Tag Archives: Vetiver


Two Sides of Vetiver on Display at The Bowery Ballroom

May 14th, 2015

Vetiver – The Bowery Ballroom – May 13, 2015

Vetiver – The Bowery Ballroom – May 13, 2015
It felt like two shows for the price of one at The Bowery Ballroom on Wednesday night as Vetiver acted as a Janus-faced band splitting their set neatly down the middle. The first half of the show was predominantly self-described “mellow” songs like the apt-titled opener, “I Must Be in a Good Place Now,” from the 2008 album Thing of the Past. Frontman Andy Cabic was like a guide, using his songs to show off his wonderful band. Eric Johnson, who opened the show solo with an excellent set of his own, was featured from the opening notes, singing strong harmonies with Cabic and mixing in keyboards as well.

The rest of the group took the spotlight throughout the first phase of the show, “From Now On,” the hot-off-the-presses Complete Strangers album’s second track, featured overlapping rhythm guitars and free-flowing melodic bass. “Last Hurrah” was a highlight of this first section, ethereal guitar and oozing bass accompanying Cabic as he sang, “Silence relieves me/ Speaks when I can’t.” The comfortable crowd squeezed in close to the stage, giving the club an intimate feel. Almost exactly halfway through, Cabic exchanged his acoustic guitar for an electric one, took off his flannel and transformed the set to a more T-shirt-and-jeans up-tempo groover.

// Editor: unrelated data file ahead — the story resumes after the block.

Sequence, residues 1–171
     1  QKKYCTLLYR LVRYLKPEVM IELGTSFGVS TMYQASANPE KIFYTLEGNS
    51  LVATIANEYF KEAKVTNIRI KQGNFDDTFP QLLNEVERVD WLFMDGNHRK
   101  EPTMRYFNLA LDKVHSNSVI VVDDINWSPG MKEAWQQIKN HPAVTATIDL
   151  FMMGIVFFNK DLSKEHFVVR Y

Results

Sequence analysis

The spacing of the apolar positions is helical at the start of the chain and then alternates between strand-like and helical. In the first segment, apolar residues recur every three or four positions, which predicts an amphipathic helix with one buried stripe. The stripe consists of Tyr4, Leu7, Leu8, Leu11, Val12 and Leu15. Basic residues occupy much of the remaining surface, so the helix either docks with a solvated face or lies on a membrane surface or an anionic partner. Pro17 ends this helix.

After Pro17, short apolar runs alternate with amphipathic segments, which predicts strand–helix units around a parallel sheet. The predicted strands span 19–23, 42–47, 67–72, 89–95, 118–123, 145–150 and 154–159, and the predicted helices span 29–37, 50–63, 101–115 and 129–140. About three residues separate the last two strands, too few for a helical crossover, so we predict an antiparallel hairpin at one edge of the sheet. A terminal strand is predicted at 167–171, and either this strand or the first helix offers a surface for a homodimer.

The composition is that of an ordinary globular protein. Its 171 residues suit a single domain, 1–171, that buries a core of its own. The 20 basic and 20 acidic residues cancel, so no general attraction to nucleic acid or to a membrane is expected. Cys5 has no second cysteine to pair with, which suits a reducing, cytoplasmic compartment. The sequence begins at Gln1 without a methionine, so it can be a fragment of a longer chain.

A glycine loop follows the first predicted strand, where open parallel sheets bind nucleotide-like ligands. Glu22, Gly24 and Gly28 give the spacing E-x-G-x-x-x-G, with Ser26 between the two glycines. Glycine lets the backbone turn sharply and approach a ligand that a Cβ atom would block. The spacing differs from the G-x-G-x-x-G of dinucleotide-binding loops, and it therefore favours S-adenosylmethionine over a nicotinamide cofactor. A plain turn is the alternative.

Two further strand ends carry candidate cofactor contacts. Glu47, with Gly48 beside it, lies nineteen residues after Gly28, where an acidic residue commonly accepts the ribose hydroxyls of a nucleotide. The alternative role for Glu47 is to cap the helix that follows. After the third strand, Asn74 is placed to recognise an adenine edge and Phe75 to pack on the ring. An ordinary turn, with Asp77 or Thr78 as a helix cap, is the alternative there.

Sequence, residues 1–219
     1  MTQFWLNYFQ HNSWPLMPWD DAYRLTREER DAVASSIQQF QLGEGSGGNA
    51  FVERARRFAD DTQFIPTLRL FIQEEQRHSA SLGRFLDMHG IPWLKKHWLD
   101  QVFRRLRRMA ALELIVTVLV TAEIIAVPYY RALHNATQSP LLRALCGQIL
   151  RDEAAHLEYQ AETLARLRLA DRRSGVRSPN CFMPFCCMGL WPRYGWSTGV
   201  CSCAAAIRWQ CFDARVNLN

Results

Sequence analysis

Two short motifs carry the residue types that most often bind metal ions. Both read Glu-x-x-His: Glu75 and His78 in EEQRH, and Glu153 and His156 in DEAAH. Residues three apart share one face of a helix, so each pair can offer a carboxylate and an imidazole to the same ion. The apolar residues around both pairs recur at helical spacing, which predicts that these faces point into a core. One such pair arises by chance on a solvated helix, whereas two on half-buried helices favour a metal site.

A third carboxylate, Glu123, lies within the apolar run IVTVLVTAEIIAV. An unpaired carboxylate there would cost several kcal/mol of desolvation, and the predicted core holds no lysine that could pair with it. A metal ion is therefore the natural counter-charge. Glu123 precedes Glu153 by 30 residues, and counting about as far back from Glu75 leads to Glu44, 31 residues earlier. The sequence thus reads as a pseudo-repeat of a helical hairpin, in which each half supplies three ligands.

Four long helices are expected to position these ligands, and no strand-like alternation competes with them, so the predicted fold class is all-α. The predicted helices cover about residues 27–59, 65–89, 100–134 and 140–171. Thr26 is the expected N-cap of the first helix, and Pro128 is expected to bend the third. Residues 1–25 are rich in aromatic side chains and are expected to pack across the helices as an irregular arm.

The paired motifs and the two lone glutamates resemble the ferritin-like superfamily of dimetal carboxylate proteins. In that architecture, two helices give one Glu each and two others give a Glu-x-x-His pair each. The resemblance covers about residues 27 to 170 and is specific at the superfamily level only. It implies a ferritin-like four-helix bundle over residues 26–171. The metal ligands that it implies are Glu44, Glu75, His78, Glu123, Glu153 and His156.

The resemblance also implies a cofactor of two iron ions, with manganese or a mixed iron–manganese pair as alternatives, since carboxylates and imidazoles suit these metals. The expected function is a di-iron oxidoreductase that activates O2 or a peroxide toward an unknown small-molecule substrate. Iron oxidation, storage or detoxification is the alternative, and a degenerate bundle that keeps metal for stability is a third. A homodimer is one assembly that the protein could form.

For phase two, each song took a different approach, from ’60s psych to happy grooving to heavy blues-out to sunny-day funk to country-flecked rocker. Everyone in the band got to put on a second face, particularly the drummer, who expertly pushed and pulled the band through the genre hopping. The high point of the night was probably “Current Carry,” a song that would have been a perfect fit for the FM radio of yore. Live, it was a slide-guitar disco—a release from and culmination of all that preceded. The set ended with Cabic back on acoustic guitar, once again dipping back to Thing of the Past with “The Swimming Song,” Johnson on banjo while the imagery of the lyrics and the melody filled the space. A three-song encore found Vetiver turning the other cheek one last time, the band at their most rocking, finishing with “Ride Ride Ride,” the garage rock of the driving-with-the-top-down open road. —A. Stein | @Neddyo

Photos courtesy of Mike Benigno | mikebenigno.wordpress.com


Vetiver Bring New Music to The Bowery Ballroom Tomorrow Night

May 12th, 2015